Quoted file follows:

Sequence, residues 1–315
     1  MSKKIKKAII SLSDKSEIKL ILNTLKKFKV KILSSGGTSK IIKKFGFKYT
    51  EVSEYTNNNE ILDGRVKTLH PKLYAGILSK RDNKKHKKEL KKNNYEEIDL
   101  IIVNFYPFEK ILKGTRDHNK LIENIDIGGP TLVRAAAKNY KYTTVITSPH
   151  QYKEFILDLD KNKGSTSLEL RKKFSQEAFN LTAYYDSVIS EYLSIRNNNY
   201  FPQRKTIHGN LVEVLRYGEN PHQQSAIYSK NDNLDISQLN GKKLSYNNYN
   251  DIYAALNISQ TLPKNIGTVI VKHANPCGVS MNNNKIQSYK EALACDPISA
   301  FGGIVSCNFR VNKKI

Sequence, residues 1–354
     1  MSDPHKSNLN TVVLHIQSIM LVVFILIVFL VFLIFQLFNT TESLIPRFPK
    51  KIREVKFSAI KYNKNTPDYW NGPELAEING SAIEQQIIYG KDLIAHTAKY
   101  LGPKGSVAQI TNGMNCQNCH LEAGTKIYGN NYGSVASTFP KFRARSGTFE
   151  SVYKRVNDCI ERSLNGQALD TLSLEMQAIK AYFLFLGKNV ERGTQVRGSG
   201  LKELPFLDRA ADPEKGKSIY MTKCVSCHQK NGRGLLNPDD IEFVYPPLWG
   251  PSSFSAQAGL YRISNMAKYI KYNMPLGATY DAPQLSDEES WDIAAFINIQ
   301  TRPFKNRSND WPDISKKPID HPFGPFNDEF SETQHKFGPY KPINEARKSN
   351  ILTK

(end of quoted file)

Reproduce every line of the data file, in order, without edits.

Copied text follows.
Sequence, residues 1–315
     1  MSKKIKKAII SLSDKSEIKL ILNTLKKFKV KILSSGGTSK IIKKFGFKYT
    51  EVSEYTNNNE ILDGRVKTLH PKLYAGILSK RDNKKHKKEL KKNNYEEIDL
   101  IIVNFYPFEK ILKGTRDHNK LIENIDIGGP TLVRAAAKNY KYTTVITSPH
   151  QYKEFILDLD KNKGSTSLEL RKKFSQEAFN LTAYYDSVIS EYLSIRNNNY
   201  FPQRKTIHGN LVEVLRYGEN PHQQSAIYSK NDNLDISQLN GKKLSYNNYN
   251  DIYAALNISQ TLPKNIGTVI VKHANPCGVS MNNNKIQSYK EALACDPISA
   301  FGGIVSCNFR VNKKI

Sequence, residues 1–354
     1  MSDPHKSNLN TVVLHIQSIM LVVFILIVFL VFLIFQLFNT TESLIPRFPK
    51  KIREVKFSAI KYNKNTPDYW NGPELAEING SAIEQQIIYG KDLIAHTAKY
   101  LGPKGSVAQI TNGMNCQNCH LEAGTKIYGN NYGSVASTFP KFRARSGTFE
   151  SVYKRVNDCI ERSLNGQALD TLSLEMQAIK AYFLFLGKNV ERGTQVRGSG
   201  LKELPFLDRA ADPEKGKSIY MTKCVSCHQK NGRGLLNPDD IEFVYPPLWG
   251  PSSFSAQAGL YRISNMAKYI KYNMPLGATY DAPQLSDEES WDIAAFINIQ
   301  TRPFKNRSND WPDISKKPID HPFGPFNDEF SETQHKFGPY KPINEARKSN
   351  ILTK